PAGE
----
"So Ruth the Moabitess said to Naomi, "Please let me go to the field, and glean heads of grain after him in whose sight I may find favor." And she said to her, "Go, my daughter." (Verse 2)
Ruth is looking to find favor. That's what grace is, it is unmerited favor. Ruth must rely on the compassion and generosity of another. Grace is her only hope. Her future depends on it. So it is with us when we come to the House of Bread. Like Ruth, we come with nothing. Our only hope is grace. We must seek the favor of a Redeemer. Our future depends upon it.
"Then she left, and went and gleaned in the field after the reapers. And she happened to come to the part of the field belonging to Boaz, who was of the family of Elimelech." (Verse 3)
In ancient Hebrew culture there was no such thing as government assistance. God's law required that neighbors help out each other. This is what it says in the Book of Leviticus:
"When you reap the harvest of your land, you shall not wholly reap the corners of your field when you reap, nor shall you gather any gleaning from your harvest. You shall leave them for the poor and for the stranger: I am the Lord your God.'" (Lev 23:22)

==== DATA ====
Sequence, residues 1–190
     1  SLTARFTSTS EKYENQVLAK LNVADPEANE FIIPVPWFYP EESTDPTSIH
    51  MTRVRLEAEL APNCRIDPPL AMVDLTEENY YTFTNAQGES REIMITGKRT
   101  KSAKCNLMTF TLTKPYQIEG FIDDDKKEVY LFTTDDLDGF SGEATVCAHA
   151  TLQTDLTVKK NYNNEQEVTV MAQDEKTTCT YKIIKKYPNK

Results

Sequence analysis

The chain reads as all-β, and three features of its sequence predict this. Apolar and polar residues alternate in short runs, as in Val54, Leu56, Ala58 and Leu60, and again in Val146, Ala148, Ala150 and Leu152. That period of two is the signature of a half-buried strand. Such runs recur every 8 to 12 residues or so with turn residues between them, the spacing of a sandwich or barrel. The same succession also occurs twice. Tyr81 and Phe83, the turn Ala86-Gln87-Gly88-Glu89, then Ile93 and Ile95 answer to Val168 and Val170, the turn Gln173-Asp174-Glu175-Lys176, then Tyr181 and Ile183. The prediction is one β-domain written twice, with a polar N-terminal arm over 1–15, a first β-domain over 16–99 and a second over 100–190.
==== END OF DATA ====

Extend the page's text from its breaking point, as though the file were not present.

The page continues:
So, if you were poor, you could find a field and stock up. Anything on the corner of the lot was fair game, or anything left on the ground. God set up a system for the rich to care for the poor without taxing the heck out of them.
Now, it says that Ruth happened to come to the field of Boaz. But in the economy of God, things don't happen by coincidence. They happen by design and they happen for a reason. There is a divine purpose for the happenings in your life. God has a wonderful plan for you. We will see very clearly that Ruth ended up in the field of Boaz by design. God is the One making things happen.
"Now behold, Boaz came from Bethlehem, and said to the reapers, "The Lord be with you!" And they answered him, "The LORD bless you!" (Verse 4)
I already like Boaz. Notice how he treats his workers. He shows respect for them. And they respect Boaz. This is obviously a good man. That's the kind of reputation we should have at the workplace, especially as Christians.
"Then Boaz said to his servant who was in charge of the reapers, "Whose young woman is this?" (Verse 5)
"Who's the babe?" Boaz asks
"So the servant who was in charge of the reapers answered and said, "It is the young Moabite woman who came back with Naomi from the country of Moab. And she said, 'Please let me glean and gather after the reapers among the sheaves.' So she came and has continued from morning until now, though she rested a little in the house." (Verse 6-7)